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Binghamton University Automated External Defibrillator (AED) Policy


This policy shall provide guidance in the management or administration of a Public Access Defibrillation (PAD) program and shall include treatment of children under eight years old or under 25 Kg. (55 lbs).

Sudden Cardiac Arrest (SCA) is a condition that occurs when the electrical impulses of the human heart malfunction causing a disturbance in the heart’s electrical rhythm called ventricular fibrillation (VF). This erratic and ineffective electrical heart rhythm causes complete cessation of the heart’s normal function of pumping blood resulting in sudden death. The most effective treatment for this condition is the administration of an electrical current to the heart by a defibrillator, delivered within a short time of the onset of VF.

An AED is used to treat victims who experience SCA. It is only to be applied to victims who are unconscious, without pulse, and no signs of circulation or normal breathing. The AED will analyze the heart rhythm and advise the operator if a shockable rhythm is detected. If a shockable rhythm is detected, the AED will charge to the appropriate energy level and advise the operator to deliver a shock.

System Owner:

Binghamton University
David J. Hubeny, Public Access Defibrillation (PAD) Program Coordinator
NYS University Police
Couper Administration Building
Telephone:(607) 777-2275

PAD Program Coordinator Responsibilities:

Applicable documents:

Medical Control:

The medical advisor of the AED program is Michael Leonard, M.D. The medical advisor of the AED program has ongoing responsibility for:

Authorized AED users:

The AED may be used by:

AED-Trained Employee Responsibilities:

Volunteer Responder Responsibilities:

University Police Responsibilities:

The University Police are responsible for:


Approved equipment:

The LIFEPAK® 500 and the Cardiac Science G3 PowerHeart Automated External Defibrillators (AEDs) have been approved for this program. These AEDs conform to the state/county standards.

Victim is unresponsive
Victim is not breathing, or is breathing ineffectively
Victim has no signs of circulation such as pulse and coughing, or movement

NOTE: If the AED is equipped with Infant/Child Reduced Energy Defibrillation Electrode Pads, the AED (with the Infant/Child pads) may be used on children under eight years old or under 25 Kg. (55 lbs).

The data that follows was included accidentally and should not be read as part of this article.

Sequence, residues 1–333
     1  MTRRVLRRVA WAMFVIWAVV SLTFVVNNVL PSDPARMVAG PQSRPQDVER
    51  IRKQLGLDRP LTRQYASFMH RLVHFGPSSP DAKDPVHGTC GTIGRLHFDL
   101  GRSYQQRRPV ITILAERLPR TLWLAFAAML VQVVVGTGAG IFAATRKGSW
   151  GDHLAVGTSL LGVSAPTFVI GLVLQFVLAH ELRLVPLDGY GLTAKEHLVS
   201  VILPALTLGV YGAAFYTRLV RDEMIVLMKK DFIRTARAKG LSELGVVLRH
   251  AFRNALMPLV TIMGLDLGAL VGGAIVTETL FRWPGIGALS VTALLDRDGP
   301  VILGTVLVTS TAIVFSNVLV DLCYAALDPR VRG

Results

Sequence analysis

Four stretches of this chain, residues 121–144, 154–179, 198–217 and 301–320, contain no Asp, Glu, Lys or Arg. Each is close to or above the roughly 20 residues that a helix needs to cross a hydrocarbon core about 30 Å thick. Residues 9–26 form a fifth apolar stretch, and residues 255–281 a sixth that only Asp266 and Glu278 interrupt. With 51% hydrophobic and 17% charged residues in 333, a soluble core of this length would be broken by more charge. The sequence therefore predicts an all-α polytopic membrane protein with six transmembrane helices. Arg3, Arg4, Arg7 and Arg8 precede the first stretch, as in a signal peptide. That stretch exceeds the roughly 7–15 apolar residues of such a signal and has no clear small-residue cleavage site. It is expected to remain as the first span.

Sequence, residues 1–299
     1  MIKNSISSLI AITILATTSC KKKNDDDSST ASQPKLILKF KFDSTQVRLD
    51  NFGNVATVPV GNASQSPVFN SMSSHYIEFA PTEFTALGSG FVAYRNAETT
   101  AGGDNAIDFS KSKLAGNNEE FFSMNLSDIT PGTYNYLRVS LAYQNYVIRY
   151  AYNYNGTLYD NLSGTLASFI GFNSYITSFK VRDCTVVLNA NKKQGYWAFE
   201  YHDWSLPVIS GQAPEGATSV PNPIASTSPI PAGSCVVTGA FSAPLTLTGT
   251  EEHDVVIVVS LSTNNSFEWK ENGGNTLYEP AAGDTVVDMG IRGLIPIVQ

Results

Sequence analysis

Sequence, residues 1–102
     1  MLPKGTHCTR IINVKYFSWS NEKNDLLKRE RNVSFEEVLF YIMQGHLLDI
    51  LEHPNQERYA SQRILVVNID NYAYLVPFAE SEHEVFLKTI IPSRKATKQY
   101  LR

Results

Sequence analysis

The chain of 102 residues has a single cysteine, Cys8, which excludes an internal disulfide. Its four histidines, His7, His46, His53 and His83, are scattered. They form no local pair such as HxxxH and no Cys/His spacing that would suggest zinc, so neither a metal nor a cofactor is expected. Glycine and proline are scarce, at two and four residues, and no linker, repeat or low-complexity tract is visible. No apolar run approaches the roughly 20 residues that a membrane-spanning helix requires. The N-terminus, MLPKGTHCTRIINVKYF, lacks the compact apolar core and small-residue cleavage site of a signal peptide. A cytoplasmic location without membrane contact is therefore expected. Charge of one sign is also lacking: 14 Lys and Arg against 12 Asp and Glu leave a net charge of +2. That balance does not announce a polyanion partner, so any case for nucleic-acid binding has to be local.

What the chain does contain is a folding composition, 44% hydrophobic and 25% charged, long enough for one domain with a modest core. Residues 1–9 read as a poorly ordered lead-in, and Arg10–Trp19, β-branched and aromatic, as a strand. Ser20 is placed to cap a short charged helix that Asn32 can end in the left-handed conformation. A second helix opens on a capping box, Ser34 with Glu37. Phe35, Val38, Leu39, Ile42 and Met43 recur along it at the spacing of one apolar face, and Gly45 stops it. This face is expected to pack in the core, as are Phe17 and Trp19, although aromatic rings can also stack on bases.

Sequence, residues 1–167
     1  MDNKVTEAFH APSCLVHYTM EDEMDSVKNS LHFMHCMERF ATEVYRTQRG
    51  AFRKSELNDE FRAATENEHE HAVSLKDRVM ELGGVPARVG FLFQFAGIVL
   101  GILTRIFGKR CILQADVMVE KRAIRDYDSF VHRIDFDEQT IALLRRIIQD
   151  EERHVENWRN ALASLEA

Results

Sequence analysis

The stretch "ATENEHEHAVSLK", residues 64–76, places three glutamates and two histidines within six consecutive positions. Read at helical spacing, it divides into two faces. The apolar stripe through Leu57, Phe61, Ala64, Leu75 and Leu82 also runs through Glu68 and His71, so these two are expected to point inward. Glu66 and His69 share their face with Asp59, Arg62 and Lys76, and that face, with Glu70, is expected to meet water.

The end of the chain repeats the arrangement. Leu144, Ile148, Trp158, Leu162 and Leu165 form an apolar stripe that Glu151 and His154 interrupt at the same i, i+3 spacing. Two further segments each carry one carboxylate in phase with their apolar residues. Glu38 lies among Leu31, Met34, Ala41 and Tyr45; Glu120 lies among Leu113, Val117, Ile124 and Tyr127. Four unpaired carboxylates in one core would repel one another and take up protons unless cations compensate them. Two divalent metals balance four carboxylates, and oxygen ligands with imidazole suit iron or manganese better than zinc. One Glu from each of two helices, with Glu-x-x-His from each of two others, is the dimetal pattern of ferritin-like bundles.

Location of AEDs

Under typical circumstances the AED will be at predetermined locations. These locations should allow the device to be easily accessible by staff

Additional resuscitation equipment:

Each AED shall include the following equipment:

Equipment Maintenance:

All equipment and accessories necessary for support of medical emergency response shall be maintained in a state of readiness. Specific maintenance requirements include:

Routine Inspections / Maintenance:

Initial Training:

Trained employees:

NOTE: If AED program includes the treatment of children under eight years old or under 25 Kg. (55 lbs), training should include infant/child CPR/FBAO since techniques differ from adult CPR/FBAO.

Refresher Training:

Medical Response Documentation:

Internal Post-Event Documentation:

  It is important to document each use of the defibrillator. The following forms shall be sent to the PAD Program Coordinator or designee within 24 hours of the use of an AED:

External Post-Event Documentation:

A copy of Event Summary Form shall be presented within 48 hours of the emergency to the following:

Post-Event Review:

Following each use of an AED, a review shall be conducted to learn from the experience. The PAD Program Coordinator or designee shall conduct and document the post-event review. All key participants in the event shall participate in the review. Included in the review shall be the identification of actions that went well and the collection of opportunities for improvement as well as critical incident stress debriefing. A summary of the post-event review shall be sent to the PAD Program Coordinator and the PAD Medical Director.

System Verification and Review:

The medical emergency response system is ultimately successful if necessary medical assistance is provided to victims in a timely and safe manner. Since actual use of this system procedure is expected to be very infrequent, other measures of effectiveness are required.

Annual System Assessment:

Once each calendar year, the AED Program Coordinator or designee shall conduct and document a system readiness review. This review shall include review of the following elements:

7/8/04 – Initial Draft
7/13/05 – Updated locations of AED’s
Added list of equipment to be included with each AED
9/4/08 – Updated PAD Coordinator contact information. Added Cardiac Science
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Last Updated: 3/31/11